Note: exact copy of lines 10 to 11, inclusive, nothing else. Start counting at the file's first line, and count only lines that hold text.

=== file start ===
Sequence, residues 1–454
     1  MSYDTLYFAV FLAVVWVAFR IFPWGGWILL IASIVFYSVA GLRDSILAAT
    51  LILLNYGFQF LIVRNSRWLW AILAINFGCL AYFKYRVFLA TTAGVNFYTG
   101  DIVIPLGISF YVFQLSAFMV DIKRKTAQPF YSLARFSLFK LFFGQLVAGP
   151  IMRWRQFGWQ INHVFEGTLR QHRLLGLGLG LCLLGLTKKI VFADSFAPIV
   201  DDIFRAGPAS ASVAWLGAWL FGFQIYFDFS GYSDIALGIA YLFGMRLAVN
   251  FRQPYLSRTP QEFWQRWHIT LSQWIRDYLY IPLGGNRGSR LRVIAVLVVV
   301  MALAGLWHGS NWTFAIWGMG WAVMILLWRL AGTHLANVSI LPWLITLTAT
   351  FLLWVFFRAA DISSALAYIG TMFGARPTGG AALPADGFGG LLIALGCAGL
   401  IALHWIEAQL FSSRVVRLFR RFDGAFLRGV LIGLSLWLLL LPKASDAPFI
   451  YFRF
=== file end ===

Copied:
   401  IALHWIEAQL FSSRVVRLFR RFDGAFLRGV LIGLSLWLLL LPKASDAPFI
   451  YFRF